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Turn Your Water into Wetland

28 September 2020

With the long grey winter coming to a close, spring has seen new life with leaf buds and spring flowers starting to grow. If you are a green enthusiast, enjoy gardening or have a naturally wet area on your property then why not consider fencing it off and creating a pond.

What are Wetlands?

These are permanently or intermittently wet areas, shallow water and land that supports an ecosystem of plants and animals - provide some of the most valuable ecosystems in Southland.

They act as a natural filter trapping sediment and improving water quality, are a part of the water cycle which means they can reduce the impact of floods, act as a buffer zone by protecting streams and on-farm waterways from erosion and nutrients, provide recreational activities such as fishing, duck shooting and having picnics, and provide habitats for many native species of birds, fish and plants.

Restrictions on use

However, use of land within a wetland is only a permitted activity if the purpose is to maintain and enhance the wetland or maintain existing authorised structures providing certain criteria is met.

These criteria include that there is no:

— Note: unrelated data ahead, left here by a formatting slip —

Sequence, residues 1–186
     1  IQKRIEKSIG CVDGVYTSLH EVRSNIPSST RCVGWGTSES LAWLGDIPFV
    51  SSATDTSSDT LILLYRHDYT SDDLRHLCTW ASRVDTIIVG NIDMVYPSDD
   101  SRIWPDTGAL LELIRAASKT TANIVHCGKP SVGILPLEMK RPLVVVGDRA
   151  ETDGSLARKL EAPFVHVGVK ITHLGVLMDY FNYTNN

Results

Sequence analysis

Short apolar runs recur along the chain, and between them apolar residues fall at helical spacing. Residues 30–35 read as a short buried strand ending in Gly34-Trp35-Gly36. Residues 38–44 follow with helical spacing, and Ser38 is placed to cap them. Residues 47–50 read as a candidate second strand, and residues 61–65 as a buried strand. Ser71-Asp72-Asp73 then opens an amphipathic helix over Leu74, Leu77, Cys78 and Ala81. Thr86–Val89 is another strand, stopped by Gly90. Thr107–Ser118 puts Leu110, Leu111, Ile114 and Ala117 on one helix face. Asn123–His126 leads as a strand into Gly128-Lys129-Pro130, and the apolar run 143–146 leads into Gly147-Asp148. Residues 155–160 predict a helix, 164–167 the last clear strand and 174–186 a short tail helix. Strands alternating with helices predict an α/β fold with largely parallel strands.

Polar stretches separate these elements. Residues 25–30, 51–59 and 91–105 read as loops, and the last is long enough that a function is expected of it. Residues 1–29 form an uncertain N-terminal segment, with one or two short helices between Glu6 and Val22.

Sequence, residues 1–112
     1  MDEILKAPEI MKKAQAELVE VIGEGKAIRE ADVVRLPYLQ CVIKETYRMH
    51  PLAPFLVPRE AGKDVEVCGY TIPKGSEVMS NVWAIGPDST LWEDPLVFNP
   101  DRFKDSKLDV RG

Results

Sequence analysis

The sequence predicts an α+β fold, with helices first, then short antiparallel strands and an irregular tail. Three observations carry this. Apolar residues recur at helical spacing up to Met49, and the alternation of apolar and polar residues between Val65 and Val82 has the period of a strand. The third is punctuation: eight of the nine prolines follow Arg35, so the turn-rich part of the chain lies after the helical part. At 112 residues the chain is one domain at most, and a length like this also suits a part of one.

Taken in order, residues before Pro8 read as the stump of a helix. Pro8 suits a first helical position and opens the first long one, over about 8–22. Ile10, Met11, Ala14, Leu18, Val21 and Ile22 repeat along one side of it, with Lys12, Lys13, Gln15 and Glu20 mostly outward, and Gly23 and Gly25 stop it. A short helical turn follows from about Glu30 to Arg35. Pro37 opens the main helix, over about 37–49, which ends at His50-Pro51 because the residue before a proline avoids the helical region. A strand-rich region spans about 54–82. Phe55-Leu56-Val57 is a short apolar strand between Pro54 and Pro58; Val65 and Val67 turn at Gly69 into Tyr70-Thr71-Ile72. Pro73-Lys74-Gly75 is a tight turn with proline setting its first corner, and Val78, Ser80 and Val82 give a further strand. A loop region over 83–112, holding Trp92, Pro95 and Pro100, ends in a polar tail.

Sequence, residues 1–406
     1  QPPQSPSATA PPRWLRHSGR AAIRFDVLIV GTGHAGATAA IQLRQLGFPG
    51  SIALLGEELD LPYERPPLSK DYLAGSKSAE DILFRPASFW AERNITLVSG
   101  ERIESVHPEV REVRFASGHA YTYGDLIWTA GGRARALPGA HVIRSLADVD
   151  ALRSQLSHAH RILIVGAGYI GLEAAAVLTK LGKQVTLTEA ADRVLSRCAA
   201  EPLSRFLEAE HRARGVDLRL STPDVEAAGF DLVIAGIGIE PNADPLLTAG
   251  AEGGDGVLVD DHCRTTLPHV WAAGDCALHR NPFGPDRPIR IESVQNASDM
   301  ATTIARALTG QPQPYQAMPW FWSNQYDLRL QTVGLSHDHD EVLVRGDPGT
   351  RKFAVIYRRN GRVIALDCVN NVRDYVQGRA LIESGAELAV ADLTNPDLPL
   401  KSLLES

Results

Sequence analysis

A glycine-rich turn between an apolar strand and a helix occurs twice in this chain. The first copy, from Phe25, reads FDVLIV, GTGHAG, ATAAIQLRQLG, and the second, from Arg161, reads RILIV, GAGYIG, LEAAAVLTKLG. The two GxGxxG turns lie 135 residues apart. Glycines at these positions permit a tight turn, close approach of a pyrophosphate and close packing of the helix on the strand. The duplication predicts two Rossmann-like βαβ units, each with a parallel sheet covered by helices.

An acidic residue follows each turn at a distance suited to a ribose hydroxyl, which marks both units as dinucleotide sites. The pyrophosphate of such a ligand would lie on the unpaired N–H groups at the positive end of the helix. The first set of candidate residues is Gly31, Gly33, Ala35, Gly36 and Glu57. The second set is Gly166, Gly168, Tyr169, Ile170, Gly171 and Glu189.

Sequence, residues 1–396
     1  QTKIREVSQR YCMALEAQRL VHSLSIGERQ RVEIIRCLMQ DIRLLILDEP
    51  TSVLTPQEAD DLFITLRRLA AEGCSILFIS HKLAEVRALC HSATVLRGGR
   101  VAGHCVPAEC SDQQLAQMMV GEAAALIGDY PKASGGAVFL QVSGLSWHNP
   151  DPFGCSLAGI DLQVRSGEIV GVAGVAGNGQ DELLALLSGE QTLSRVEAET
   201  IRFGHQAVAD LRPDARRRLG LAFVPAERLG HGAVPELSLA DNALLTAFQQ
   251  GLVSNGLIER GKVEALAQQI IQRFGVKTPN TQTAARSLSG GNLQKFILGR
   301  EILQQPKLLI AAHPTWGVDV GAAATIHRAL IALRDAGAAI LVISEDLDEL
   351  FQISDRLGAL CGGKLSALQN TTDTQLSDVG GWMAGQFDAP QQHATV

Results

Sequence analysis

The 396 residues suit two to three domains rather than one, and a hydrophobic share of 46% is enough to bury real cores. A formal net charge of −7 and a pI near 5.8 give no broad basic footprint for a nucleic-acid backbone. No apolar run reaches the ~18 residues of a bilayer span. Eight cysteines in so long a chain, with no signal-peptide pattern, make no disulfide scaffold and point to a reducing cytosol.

1. destruction or removal of any indigenous vegetation from any natural wetland;
  2. reduction in the size of the wetland;
  3. flooding or ponding caused on any land owned or occupied by another person; and
  4. establishment of pest plant species that may damage existing biodiversity values of the wetland or will form the dominant vegetation type in the wetland.

Do you need a consent?

In general consent is not required to create a wetland, however, consent is required for any wetland if you cannot meet the above conditions or want to use the land for a different purpose.

What happens if I comply with all criteria but the neighbouring land gets wet during winter - can I put a drain around the wetland to prevent flooding?

Unfortunately the answer is no and you will need to apply for consent as the drainage may affect the water levels in the wetland.

Photo atribution: Shellie Evans 2016